Report on Tungurahua (Ecuador) — 24 July-30 July 2013
Smithsonian Institution / US Geological Survey
Weekly Volcanic Activity Report, 24 July-30 July 2013
Managing Editor: Sally Sennert.
Please cite this report as:
Global Volcanism Program, 2013. Report on Tungurahua (Ecuador) (Sennert, S, ed.). Weekly Volcanic Activity Report, 24 July-30 July 2013. Smithsonian Institution and US Geological Survey.
1.467°S, 78.442°W; summit elev. 5023 m
All times are local (unless otherwise noted)
IG reported that activity at Tungurahua remained high during 24-30 July. Although cloud cover often prevented visual observations of the crater, plumes were observed almost daily. Roaring was also regularly reported. On 24 July an ash plume rose 5 km above the crater and drifted WNW, causing black ashfall in El Manzano (8 km SW), Choglontus (SW), Puela (8 km SW), Cahuají (8 km SW), and minor ashfall in Cevallos (23 km NW), Quero (20 km NW), and Mocha (25 km WNW). On 25 July ashfall was reported in El Manzano, Choglontus, and Cahuají. An explosion at 1835 generated an ash plume that rose 2 km and drifted W. The next day windows vibrated at the Tungurahua Observatory (OVT) in Guadalupe (14 km N). Minor amounts of ash fell in El Manzano, Choglontus, Puela, Mocha, and in the sectors of Guaranda (65 km WSW), Salinas, and Guanujo (65 km WSW). Overnight during 26-27 July Strombolian activity ejected blocks that rolled 300 m down the flanks. At 1947 a strong explosion vibrated windows at OVT and in El Manzano and Pillate (8 km W). An ash plume rose 2 km and drifted WSW; minor ashfall was reported in Bilbao (W), Quero, and Mocha. Later that day ash emissions rose 500 m and drifted SW.
Activity increased on 28 July; at 0626 a higher number of long-period earthquakes were detected, explosions became more frequent and larger, blocks were ejected, and ash emission rose from the crater. An explosion at 0723 generated a small pyroclastic flow that descended the N flank. Ash fell in Choglontus, El Manzano, Mocha, and Tisaleo (29 km NW). Activity remained high the next day; ash plumes rose 2 km and drifted WNW. During 28-29 July and ashfall was reported in Mocha, Quero, Tisaleo, Cevallos, and Pillate.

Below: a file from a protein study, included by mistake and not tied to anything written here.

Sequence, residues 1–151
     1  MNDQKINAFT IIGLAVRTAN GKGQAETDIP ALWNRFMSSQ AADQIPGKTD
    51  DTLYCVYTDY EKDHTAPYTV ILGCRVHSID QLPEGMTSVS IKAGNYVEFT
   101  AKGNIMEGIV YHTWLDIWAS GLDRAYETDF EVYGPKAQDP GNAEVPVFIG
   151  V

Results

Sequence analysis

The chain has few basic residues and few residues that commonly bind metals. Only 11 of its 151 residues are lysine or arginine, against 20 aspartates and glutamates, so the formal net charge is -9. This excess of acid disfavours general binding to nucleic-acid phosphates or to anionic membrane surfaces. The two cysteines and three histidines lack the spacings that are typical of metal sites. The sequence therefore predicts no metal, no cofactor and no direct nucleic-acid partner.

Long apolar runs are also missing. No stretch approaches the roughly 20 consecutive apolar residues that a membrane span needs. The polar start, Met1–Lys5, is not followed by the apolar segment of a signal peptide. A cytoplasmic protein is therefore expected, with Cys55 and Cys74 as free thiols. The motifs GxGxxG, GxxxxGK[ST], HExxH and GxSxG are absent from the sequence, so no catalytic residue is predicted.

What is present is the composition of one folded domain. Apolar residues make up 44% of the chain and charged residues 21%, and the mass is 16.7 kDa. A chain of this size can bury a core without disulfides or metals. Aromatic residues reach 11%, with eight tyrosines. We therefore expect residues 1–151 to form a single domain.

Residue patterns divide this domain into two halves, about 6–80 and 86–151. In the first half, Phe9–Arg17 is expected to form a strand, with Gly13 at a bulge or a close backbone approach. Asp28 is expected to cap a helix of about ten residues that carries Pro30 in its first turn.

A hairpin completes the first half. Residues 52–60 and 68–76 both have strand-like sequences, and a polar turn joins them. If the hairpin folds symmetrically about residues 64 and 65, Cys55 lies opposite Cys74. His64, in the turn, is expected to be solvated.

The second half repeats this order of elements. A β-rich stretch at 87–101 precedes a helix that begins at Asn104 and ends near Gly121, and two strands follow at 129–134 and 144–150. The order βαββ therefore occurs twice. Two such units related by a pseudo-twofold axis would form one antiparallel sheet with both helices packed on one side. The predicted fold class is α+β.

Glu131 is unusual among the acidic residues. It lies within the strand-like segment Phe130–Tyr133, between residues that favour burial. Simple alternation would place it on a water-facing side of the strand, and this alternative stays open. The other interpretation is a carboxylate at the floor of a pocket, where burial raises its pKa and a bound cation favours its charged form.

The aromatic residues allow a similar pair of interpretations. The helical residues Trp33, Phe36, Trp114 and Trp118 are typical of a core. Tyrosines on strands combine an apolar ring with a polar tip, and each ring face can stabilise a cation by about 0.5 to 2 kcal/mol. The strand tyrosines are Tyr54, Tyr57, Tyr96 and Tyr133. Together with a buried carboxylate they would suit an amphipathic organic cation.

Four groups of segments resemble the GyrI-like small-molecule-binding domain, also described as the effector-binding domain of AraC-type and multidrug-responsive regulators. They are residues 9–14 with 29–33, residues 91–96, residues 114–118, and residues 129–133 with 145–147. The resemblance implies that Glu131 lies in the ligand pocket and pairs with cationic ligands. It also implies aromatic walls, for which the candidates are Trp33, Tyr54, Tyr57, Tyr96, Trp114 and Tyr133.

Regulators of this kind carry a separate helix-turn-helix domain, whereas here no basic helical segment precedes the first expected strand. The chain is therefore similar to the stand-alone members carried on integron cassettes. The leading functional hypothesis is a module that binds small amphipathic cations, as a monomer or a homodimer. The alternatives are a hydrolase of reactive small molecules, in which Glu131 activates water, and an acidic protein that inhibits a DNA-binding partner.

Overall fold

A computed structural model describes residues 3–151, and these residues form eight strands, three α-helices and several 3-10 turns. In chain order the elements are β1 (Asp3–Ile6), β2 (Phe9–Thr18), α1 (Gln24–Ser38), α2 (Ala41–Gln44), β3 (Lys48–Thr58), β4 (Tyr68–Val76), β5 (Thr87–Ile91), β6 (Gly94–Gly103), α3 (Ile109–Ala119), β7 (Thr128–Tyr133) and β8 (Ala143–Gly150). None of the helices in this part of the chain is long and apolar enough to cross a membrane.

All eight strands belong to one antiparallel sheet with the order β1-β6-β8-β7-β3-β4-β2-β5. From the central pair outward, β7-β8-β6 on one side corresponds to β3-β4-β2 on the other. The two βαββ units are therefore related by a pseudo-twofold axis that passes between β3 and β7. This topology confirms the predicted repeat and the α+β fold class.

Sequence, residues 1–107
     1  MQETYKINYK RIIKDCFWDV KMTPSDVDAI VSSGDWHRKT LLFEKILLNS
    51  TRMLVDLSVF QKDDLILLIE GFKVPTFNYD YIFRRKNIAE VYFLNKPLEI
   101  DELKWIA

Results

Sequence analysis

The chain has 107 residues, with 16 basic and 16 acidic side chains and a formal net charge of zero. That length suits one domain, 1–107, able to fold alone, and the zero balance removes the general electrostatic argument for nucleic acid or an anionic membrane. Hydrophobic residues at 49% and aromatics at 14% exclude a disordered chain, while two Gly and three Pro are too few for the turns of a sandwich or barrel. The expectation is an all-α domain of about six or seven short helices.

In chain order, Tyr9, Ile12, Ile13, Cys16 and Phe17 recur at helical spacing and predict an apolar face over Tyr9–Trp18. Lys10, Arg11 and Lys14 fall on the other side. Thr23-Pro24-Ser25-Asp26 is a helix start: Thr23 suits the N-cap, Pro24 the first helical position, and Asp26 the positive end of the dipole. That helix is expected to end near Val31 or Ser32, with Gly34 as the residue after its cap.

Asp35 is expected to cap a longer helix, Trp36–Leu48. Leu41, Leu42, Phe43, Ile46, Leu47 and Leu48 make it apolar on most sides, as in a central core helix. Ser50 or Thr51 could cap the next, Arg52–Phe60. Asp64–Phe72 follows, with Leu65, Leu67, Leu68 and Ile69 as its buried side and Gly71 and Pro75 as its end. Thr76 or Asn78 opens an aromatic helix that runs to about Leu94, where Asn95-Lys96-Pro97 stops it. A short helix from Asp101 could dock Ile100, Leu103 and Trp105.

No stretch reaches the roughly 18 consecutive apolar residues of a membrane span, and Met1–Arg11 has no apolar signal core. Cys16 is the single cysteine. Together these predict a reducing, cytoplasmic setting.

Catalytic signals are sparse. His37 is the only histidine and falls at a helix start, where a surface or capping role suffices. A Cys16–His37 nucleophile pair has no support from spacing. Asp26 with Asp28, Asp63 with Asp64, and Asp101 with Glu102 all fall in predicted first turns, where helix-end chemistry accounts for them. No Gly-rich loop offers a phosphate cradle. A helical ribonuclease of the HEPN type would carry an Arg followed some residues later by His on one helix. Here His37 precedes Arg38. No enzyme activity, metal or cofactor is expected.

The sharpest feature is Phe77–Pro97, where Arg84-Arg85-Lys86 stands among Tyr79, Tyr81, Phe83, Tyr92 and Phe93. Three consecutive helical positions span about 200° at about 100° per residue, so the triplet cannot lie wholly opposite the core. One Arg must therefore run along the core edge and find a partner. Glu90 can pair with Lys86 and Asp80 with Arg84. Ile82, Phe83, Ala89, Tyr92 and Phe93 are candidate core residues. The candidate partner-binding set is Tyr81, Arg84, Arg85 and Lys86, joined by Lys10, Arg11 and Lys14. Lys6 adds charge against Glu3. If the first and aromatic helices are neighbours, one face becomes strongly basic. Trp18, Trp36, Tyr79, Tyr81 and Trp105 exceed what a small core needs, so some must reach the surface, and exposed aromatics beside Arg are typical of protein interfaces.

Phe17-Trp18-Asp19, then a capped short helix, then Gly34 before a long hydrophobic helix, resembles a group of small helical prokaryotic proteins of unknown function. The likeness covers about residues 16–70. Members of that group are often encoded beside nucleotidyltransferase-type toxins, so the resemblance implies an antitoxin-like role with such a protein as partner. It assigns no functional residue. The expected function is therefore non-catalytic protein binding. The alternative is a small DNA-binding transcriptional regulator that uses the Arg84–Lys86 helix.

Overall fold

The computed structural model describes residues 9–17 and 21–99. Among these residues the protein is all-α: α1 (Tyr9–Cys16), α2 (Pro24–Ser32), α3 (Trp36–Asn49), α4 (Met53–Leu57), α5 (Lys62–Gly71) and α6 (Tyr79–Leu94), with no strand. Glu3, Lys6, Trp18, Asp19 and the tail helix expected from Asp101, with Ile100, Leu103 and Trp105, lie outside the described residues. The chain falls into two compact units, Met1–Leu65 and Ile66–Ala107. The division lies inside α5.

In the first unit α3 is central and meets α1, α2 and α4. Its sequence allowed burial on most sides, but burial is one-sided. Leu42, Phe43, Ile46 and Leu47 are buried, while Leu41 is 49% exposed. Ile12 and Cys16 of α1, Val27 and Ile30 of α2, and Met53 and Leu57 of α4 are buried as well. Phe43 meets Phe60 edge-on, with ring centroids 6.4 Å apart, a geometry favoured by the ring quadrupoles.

Geological Summary. Tungurahua, a steep-sided andesitic-dacitic stratovolcano that towers more than 3 km above its northern base, is one of Ecuador's most active volcanoes. Three major edifices have been sequentially constructed since the mid-Pleistocene over a basement of metamorphic rocks. Tungurahua II was built within the past 14,000 years following the collapse of the initial edifice. Tungurahua II collapsed about 3,000 years ago and produced a large debris-avalanche deposit to the west. The modern glacier-capped stratovolcano (Tungurahua III) was constructed within the landslide scarp. Historical eruptions have all originated from the summit crater, accompanied by strong explosions and sometimes by pyroclastic flows and lava flows that reached populated areas at the volcano's base. Prior to a long-term eruption beginning in 1999 that caused the temporary evacuation of the city of Baños at the foot of the volcano, the last major eruption had occurred from 1916 to 1918, although minor activity continued until 1925.